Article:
Study Shows Genetics Tied to ADHD
ADHD, or Attention Deficit Hyperactivity Disorder, is a neurological developmental disorder common among children characterized by inattentiveness, impulsivity, and hyperactivity. Originally, doctors may have believed that ADHD was developed as an outcome of upbringing or other environmental factors, but recent research proves otherwise: that ADHD is tied to one’s genetic makeup.
According to CBS News, the study was performed at the Children’s Hospital in Philadelphia and examined “whole genomes of 1,000 kids with ADHD, compared with those of 4,100 kids without ADHD. The scientists looked for differences in the number of deletions or duplications of DNA.” Those deletions or duplications are also known as “copy number variations”, and the study discovered those in four genes. All four of the genes were part of the glutamate receptor gene, which is responsible for neurotransmission. If the transmissions of neurons are being disrupted somehow, this can prove cause for certain neurological disorders, like ADHD.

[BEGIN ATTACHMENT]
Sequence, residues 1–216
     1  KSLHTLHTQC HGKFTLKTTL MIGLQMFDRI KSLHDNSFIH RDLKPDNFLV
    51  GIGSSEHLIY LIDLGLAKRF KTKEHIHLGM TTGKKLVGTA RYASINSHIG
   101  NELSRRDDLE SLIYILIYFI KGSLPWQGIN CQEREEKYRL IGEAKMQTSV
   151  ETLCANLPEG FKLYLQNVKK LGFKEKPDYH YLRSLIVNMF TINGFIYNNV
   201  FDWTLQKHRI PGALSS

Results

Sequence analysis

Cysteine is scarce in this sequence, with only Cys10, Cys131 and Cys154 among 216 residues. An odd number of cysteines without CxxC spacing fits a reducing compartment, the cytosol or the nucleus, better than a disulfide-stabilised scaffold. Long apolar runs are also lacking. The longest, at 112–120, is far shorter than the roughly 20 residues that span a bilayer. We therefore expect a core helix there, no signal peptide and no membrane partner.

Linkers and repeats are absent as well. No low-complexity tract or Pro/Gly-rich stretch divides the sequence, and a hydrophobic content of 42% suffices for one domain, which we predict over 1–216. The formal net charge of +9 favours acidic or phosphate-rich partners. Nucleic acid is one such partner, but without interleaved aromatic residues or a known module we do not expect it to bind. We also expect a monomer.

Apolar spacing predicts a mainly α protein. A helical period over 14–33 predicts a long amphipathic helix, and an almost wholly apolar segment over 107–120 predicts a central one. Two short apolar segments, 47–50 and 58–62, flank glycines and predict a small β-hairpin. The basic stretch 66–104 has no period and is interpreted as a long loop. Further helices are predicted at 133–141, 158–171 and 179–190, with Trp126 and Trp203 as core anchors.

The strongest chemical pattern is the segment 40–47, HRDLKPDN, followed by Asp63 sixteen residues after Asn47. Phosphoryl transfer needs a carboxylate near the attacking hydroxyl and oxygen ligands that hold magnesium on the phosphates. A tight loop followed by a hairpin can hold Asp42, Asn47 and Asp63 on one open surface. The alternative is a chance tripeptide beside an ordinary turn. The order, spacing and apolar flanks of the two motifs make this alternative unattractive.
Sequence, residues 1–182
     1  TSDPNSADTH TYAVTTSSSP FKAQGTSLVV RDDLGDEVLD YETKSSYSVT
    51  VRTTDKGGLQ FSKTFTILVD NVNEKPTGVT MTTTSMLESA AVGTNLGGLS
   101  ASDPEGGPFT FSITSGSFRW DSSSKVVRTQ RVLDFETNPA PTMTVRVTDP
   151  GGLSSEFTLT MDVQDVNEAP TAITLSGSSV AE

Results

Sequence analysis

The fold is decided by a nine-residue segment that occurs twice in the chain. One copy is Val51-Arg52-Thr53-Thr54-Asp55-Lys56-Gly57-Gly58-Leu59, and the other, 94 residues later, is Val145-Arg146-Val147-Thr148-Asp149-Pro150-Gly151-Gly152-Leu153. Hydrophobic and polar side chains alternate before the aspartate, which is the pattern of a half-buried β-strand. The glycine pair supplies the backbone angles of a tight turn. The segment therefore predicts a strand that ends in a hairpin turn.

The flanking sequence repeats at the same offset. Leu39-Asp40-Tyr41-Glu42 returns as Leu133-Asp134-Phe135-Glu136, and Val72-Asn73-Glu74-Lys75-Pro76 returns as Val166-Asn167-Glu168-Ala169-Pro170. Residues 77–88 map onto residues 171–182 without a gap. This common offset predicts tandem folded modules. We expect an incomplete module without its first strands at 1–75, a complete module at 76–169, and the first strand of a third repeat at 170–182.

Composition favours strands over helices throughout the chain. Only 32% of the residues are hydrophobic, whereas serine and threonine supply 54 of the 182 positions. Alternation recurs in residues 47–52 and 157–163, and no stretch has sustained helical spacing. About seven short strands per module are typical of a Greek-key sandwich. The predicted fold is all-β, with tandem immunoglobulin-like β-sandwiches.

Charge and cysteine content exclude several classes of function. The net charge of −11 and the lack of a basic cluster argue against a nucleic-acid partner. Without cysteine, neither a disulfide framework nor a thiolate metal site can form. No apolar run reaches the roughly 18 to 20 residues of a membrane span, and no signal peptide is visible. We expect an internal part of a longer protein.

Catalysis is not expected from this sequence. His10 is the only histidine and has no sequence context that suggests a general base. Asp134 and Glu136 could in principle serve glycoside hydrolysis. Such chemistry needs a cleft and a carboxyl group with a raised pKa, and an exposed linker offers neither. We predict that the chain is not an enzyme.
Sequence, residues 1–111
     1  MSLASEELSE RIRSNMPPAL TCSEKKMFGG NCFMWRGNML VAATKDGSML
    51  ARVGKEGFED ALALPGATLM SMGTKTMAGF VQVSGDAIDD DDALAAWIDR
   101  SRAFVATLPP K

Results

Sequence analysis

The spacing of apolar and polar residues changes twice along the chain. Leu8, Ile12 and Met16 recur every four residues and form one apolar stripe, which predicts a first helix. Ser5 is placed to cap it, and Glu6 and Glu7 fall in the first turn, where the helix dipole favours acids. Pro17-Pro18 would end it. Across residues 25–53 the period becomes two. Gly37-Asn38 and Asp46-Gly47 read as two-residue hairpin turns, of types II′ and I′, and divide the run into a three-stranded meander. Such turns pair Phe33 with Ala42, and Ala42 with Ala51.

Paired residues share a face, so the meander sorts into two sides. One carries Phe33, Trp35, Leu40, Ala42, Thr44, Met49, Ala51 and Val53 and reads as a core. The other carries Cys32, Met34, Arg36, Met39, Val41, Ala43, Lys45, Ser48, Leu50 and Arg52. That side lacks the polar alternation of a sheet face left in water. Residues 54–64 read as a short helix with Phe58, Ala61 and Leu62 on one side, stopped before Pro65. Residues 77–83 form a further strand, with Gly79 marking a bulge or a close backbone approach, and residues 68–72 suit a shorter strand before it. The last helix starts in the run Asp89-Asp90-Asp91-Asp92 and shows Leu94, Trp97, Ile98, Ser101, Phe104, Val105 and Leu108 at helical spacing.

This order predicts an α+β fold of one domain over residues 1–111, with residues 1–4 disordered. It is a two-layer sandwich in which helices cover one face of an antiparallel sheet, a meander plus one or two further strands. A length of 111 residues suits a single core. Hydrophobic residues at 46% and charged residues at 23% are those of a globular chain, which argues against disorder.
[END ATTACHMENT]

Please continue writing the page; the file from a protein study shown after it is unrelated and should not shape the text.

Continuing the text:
The study, published in the Nature Genetics journal, proves that there are definite genetic ties to ADHD, which means more effective and safe methods of treatment can be created and distributed to provide relief to those who have the disorder. Currently, treatments include behavioral therapy and medication. Those are already effective methods of treatment to help people with ADD or ADHD, but knowing where the actual discrepancy lies within the genetic makeup of a person can help researchers better focus on the target, root of the problem. It also helps shed light on an often misunderstood disorder.